openSUSE 13.1 is here!

When it comes to Linux, I am very flaky. You see, I tend to never settle on a specific distro. While I always seem to end up on Fedora, I do tend to cheat. Yes, I am monogamous for the most part, but I can be found canoodling with Mint, Netrunner and openSUSE from time to time. The latter operating system is well-known for being rock-solid and well-supported. My wandering eye is always keeping tabs on the chameleon-logo distribution and today, there is big news.

"Dear contributors, friends and fans: The release is here! Eight months of planning, packaging, adding features, fixing issues, testing and fixing more issues has brought you the best that Free and Open Source has to offer, with our Green touch: Stable and Awesome", says Jos Poortvliet, community manager at SUSE.

Jos further says, "this release did benefit from the improvements to our testing infrastructure and much attention for bug fixing. While a combination of over 6000 packages supporting five architectures can never be perfect, we’re proud to say this really does represent the best Free Software has to offer. The latest desktops (five of them), server and cloud technologies, software development tools and everything in between are included as well as a number of exciting, new technologies for you to play with. Enjoy".


While the complete list of changes is quite exhaustive, there are some rather notable major ones worth mentioning. The most apparent to end users is the desktop environments. While openSUSE is considered to be a KDE distro, and it is, Gnome is prominently supported too. KDE has been updated to 4.11 and Gnome to 3.10. While Gnome is a rather polarizing environment (you love it or hate it), I love it and am very excited to try 3.10 since Fedora 19 is still behind in that regard.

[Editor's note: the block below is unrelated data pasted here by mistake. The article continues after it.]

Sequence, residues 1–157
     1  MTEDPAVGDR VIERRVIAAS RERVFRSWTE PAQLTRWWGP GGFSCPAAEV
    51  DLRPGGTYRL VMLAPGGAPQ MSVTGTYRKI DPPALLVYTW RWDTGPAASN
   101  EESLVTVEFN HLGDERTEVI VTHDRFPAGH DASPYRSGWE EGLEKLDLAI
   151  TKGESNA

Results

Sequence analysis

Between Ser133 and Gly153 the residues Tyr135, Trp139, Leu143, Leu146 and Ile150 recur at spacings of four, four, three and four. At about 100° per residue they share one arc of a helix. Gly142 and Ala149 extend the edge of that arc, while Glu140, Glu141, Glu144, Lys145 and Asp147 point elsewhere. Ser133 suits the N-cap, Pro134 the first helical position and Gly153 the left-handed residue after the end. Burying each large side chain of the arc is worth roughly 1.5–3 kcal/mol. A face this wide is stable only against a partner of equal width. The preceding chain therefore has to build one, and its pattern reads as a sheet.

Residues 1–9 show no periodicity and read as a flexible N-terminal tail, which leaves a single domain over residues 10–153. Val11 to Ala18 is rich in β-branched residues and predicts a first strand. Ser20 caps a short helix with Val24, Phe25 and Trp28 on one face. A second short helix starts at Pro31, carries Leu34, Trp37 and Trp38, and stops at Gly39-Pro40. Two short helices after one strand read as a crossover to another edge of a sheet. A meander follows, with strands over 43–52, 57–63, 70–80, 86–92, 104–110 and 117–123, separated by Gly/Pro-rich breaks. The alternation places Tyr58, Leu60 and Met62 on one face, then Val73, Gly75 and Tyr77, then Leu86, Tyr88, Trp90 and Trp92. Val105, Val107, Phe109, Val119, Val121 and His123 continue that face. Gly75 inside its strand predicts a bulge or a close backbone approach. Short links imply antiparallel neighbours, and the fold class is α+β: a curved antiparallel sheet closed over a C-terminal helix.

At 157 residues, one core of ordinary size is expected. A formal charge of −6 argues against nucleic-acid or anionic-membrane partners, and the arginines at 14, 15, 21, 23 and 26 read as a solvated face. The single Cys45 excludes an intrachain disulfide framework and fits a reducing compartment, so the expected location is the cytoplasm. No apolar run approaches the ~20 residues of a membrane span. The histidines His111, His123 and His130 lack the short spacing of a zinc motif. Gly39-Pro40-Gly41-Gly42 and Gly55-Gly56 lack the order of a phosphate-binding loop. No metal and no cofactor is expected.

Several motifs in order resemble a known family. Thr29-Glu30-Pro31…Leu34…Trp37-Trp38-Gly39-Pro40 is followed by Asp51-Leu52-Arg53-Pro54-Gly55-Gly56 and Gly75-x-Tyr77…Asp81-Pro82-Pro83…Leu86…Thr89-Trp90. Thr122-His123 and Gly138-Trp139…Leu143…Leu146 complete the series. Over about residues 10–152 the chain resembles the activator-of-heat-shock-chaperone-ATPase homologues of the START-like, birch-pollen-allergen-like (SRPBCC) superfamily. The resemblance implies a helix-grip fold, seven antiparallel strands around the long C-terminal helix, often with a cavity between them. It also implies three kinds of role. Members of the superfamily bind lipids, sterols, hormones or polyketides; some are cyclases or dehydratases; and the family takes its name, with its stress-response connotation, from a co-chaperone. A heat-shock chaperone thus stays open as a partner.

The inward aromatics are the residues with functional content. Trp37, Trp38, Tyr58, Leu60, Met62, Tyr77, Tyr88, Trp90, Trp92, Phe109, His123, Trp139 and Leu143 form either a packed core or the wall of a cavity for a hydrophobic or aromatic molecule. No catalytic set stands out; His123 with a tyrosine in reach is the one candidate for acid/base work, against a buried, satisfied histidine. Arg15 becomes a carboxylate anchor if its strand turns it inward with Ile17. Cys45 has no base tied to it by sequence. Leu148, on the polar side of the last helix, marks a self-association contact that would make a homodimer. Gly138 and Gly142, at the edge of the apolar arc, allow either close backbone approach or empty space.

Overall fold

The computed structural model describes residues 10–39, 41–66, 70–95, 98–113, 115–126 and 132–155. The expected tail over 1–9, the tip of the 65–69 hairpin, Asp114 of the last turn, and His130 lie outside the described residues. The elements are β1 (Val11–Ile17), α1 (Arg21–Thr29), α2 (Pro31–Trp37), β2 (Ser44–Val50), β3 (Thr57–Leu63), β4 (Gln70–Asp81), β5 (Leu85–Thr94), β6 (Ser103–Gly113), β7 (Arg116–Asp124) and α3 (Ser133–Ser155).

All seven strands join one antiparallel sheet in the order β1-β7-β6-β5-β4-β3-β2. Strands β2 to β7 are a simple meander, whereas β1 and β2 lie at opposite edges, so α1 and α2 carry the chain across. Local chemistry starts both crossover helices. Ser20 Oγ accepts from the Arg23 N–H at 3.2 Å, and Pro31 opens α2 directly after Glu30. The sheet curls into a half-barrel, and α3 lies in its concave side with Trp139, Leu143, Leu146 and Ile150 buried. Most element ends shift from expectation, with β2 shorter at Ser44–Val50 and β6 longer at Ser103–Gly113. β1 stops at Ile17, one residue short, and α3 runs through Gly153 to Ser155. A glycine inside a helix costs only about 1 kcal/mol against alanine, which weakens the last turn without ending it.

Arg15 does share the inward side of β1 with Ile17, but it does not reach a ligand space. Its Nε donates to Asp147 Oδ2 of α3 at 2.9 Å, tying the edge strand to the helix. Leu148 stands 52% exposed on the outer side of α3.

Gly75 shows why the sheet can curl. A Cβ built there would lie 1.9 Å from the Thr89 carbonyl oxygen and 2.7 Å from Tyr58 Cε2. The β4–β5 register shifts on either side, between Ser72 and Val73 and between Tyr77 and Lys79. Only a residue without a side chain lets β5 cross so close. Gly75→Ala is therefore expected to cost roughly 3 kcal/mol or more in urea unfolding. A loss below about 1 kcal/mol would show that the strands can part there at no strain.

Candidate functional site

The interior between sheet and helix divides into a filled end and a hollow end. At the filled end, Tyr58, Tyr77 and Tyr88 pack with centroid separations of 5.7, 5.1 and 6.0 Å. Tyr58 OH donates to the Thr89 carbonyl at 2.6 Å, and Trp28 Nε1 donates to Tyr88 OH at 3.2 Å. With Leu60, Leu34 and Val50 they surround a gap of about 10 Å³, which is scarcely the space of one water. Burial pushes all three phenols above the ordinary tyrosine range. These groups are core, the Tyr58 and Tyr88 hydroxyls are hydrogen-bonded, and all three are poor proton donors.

The shipping kernel is a very modern 3.11, which has the following notable features:

  • Improved page reclaim to increase responsivity under heavy IO
  • improved tracking of resources with accounting of kernel memory in the memory resource controller and detailed tracking of which pages a program writes
  • scalability improvements with NUMA policy redesign, timer-less multitasking, rwlock, mutex and SYSV IPC message queue changes
  • Introduction of Zswap, a compressed swap cache, improving performance when enabled on low-memory systems
  • Btrfs introduced stability and performance improvements, Ext4 embeds small files in inodes, XFS gained support for metadata and journal checksums. F2FS is a new flash-optimized FS
  • Preliminary support for NFS 4.2, the new TCP Tail loss probe algorithm to improve short transfer performance and a low latency network polling mechanism for servers.
  • O_TMPFILE open(2) flag for the easy creation of secure temporary files, expanded namespaces support and the “labeled NFS” ability which brings full support for SELinux on NFS
  • a new suspend power state for devices, experimental dynamic power management for all Radeon GPUs since r600 (disabled by default due to stability concerns)

The maintenance cycle on this release has been extended to a respectable three years, so you can be confident about support. If you are interested in trying the operating system, you can get it here.

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